watch the trailer:

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THE BRONZE (2016)

March 18, 2016

bronze Greetings again from the darkness. Leave it to the Duplass brothers (Executive Producers here) to turn the traditional sports movie genre upside down. Of course, this is about as much of a sports movie as Dodgeball: A True Underdog Story, but it does use the backdrop of the Olympics to make a point about fading fame. Mostly though, it’s an excuse to crack wise, spew profanities and spoil anything and anyone remotely innocent.

Melissa Rauch (Bernadette on “The Big Bang Theory”) stars as Hope, a former bronze medalist in Women’s gymnastics, who captured the hearts of Americans when she battled through an Achilles injury to perform her final event. The movie picks up a decade after Hope’s Olympic heroics and we first see her enjoying a clip of her big moment. And by enjoying, I mean … well, never mind. It turns out Hope never was able to compete again, and instead continues to milk her celebrity status around small town Amherst, Ohio. When her dad (Gary Cole) gently nudges her to take a coaching job, she shouts “I’m a star, not a coach!” Hope is a selfish brat whose egoism has her clinging to former glory and preventing her from joining society.

Hope gets tricked into coaching Maggie, the town’s up-and-coming gymnastics prodigy. Maggie (Haley Lu Richardson) idolizes Hope and is her polar opposite in every possible personality trait – a very welcome upbeat and perky addition to the movie. Instead of embracing the opportunity, Hope goes out of her way to sabotage naïve Maggie’s dream. Along the way, she also mistreats the gym owner who somehow fancies her – despite Hope’s hopelessness. Twitchy Ben (Thomas Middleditch) is a sweet guy who sees the good in Hope and does his best to pull her from the dark side.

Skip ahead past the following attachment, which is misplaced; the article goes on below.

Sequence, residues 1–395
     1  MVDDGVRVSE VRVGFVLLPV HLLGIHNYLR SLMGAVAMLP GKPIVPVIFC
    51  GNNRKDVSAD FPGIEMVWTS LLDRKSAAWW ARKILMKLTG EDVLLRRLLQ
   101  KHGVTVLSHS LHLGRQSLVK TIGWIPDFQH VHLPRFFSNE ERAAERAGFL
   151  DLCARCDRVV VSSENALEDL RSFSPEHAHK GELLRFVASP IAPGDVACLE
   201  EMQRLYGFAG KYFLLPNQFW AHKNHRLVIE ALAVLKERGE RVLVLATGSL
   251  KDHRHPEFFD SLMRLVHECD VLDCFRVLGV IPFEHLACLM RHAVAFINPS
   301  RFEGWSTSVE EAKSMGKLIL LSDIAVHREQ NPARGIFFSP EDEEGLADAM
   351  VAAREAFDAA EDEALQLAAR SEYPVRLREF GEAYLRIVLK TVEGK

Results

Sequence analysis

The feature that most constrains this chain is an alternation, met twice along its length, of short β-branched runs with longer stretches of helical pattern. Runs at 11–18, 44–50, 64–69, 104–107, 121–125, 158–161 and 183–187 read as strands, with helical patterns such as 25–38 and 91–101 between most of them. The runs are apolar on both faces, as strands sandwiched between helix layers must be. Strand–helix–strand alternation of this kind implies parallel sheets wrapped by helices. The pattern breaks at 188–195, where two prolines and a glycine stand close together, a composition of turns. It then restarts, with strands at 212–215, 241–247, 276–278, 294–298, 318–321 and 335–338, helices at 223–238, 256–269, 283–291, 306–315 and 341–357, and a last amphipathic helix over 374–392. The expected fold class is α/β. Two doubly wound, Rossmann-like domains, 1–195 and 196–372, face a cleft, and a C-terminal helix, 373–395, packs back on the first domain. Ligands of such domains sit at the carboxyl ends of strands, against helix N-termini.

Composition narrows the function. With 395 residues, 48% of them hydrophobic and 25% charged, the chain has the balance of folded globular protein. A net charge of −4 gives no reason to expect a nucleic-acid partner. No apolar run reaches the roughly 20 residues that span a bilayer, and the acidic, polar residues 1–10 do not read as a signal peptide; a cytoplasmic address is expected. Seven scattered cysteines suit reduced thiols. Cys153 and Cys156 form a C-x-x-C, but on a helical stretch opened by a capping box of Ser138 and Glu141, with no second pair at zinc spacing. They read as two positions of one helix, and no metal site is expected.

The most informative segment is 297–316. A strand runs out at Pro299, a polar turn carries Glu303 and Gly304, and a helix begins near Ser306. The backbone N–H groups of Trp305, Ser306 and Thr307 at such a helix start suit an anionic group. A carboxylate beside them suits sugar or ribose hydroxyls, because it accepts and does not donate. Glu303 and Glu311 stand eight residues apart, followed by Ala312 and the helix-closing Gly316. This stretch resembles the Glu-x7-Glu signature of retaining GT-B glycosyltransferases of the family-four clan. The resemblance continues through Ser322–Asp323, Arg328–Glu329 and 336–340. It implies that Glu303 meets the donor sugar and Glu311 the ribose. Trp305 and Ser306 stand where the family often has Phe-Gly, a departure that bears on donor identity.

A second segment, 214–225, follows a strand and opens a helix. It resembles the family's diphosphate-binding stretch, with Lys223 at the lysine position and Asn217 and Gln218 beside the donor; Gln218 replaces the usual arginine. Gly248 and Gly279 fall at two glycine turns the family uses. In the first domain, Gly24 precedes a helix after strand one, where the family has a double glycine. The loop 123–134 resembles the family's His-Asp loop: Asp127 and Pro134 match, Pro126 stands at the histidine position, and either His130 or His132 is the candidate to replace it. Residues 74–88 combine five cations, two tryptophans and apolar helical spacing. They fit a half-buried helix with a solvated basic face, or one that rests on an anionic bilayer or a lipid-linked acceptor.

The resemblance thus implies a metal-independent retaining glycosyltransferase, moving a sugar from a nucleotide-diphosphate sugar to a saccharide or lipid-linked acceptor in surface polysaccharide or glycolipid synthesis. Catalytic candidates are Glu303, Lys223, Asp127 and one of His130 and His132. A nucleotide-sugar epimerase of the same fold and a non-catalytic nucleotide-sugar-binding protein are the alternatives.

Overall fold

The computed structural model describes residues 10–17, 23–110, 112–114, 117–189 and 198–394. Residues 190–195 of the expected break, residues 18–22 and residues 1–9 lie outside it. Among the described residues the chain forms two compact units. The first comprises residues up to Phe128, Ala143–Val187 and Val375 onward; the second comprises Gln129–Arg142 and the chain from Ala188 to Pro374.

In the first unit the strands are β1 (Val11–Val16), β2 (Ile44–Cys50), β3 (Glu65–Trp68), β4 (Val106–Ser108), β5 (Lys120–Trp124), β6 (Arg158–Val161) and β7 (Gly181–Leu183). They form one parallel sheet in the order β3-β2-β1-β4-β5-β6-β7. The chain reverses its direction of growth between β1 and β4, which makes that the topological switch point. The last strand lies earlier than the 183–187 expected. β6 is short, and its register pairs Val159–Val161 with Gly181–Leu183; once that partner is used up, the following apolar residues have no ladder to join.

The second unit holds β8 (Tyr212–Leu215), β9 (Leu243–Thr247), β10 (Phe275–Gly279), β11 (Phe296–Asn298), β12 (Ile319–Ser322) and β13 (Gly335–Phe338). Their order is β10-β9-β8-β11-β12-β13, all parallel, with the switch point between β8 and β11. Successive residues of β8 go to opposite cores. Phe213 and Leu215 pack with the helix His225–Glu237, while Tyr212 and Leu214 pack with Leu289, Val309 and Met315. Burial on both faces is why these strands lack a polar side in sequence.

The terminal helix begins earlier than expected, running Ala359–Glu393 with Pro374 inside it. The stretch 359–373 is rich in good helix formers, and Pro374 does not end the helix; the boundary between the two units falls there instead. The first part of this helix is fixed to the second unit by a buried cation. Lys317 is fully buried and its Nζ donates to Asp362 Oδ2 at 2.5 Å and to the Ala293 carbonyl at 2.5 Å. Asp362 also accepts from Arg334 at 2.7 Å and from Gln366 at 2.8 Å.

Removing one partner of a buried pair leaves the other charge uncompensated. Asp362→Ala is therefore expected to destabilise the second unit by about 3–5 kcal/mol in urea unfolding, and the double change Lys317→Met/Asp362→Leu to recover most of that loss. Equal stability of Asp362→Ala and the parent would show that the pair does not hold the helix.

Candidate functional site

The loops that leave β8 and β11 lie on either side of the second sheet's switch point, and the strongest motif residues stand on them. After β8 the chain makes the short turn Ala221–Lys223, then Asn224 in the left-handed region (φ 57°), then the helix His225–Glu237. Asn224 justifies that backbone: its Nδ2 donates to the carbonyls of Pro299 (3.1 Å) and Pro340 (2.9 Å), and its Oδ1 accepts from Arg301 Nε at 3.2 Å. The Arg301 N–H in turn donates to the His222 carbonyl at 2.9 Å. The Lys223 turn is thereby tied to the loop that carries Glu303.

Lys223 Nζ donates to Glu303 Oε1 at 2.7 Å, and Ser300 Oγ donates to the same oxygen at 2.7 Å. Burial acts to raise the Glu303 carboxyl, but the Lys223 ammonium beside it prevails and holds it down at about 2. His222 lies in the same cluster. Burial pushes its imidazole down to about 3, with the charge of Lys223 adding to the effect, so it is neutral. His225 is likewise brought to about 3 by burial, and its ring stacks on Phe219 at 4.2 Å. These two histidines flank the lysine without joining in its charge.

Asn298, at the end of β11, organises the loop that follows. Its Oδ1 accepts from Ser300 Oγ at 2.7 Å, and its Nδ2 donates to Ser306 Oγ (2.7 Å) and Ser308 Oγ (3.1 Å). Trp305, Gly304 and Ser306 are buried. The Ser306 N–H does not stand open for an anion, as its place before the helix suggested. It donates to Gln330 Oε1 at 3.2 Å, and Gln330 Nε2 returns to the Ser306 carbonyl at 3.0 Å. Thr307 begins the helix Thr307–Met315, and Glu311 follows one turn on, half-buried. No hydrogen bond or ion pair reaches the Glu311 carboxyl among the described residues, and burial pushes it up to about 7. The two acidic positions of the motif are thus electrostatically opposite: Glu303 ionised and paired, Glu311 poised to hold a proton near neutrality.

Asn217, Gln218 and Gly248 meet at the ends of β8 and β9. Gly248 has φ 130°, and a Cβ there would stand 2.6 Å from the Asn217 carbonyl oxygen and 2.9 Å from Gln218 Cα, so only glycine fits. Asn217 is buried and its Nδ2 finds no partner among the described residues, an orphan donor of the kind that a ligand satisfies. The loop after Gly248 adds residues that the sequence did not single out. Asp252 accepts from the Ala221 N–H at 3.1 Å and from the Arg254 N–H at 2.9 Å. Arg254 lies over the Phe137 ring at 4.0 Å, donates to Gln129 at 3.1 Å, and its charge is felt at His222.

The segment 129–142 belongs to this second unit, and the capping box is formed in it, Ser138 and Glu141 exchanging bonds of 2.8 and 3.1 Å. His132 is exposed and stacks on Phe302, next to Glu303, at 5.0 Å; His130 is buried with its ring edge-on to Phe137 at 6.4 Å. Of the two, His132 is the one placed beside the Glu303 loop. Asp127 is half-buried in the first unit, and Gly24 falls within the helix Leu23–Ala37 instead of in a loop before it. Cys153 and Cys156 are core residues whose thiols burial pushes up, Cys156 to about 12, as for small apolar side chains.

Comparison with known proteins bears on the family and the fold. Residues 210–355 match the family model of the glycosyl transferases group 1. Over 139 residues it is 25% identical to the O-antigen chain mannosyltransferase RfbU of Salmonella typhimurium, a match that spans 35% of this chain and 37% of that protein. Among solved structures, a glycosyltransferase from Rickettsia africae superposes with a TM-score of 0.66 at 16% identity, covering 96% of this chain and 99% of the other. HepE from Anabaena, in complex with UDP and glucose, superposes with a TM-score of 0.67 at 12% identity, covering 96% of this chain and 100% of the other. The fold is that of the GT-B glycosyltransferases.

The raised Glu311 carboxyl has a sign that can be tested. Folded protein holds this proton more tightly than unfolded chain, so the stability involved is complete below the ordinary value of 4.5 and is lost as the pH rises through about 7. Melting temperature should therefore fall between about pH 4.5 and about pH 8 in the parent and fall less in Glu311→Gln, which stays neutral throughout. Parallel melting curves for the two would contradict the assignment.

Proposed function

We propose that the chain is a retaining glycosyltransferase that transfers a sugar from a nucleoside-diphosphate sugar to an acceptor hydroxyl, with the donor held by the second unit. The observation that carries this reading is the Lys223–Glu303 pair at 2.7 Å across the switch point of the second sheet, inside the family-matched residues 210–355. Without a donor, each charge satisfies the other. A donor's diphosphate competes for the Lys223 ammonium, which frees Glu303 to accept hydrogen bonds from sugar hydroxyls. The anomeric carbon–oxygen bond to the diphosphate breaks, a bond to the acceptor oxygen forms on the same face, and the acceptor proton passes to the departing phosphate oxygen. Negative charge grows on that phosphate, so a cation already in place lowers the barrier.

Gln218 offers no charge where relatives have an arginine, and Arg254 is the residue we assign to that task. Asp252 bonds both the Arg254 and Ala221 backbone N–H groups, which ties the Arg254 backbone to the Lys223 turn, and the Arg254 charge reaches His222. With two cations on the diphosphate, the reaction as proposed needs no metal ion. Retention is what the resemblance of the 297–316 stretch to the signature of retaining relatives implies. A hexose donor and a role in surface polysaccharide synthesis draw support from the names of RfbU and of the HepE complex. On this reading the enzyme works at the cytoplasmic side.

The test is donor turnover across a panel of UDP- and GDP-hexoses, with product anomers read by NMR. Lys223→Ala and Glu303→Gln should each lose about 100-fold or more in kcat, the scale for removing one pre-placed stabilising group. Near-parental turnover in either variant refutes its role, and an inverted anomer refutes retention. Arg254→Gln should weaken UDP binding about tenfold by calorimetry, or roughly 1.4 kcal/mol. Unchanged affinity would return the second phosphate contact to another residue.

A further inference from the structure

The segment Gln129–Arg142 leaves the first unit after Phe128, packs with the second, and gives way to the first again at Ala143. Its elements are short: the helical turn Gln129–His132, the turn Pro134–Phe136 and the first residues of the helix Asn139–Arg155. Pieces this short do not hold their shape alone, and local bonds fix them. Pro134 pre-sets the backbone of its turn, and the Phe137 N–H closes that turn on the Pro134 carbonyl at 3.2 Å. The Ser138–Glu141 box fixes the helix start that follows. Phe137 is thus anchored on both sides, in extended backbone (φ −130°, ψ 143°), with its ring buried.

A twist of fate places Hope at odds with her old flame and former Olympic gold medalist, Lance (Sebastian Stan), who is now a leader in the world of women’s gymnastics. These two banter like siblings who dislike each other, and also execute one of the wackiest ever on-screen comedic sex scenes – for all of you who have fantasized about frolicking with a gymnast.

Director Bryan Buckley is best known for his 50-plus TV commercials that have aired during Super Bowls, but here he lets Melissa Rauch do her thing (she also co-wrote the script with her husband Winston Rauch). There is some commentary on fame and celebrity (and cameos from Olga Korbut, Dominique Dawes, Dominique Moceanu), and some insight into narcissism; but mostly it’s a chance for Ms. Rauch to flaunt her foul motor-mouth with some extremely crass and raunchy lines. It’s kind of cute in an absurdly profane way, and some might agree it beats watching real gymnastics.

Note: Including a Doris Day song on this film’s soundtrack may be the funniest, or at least most ironic moment.

watch the trailer:

 


DIFF 2015 – Days 4 and 5

April 16, 2015

DALLAS INTERNATIONAL FILM FESTIVAL

Days 4 and 5, Monday and Tuesday April 13, 14

My recap of the (only) three movies I watched over these two days (hey, a guy has to earn a living!)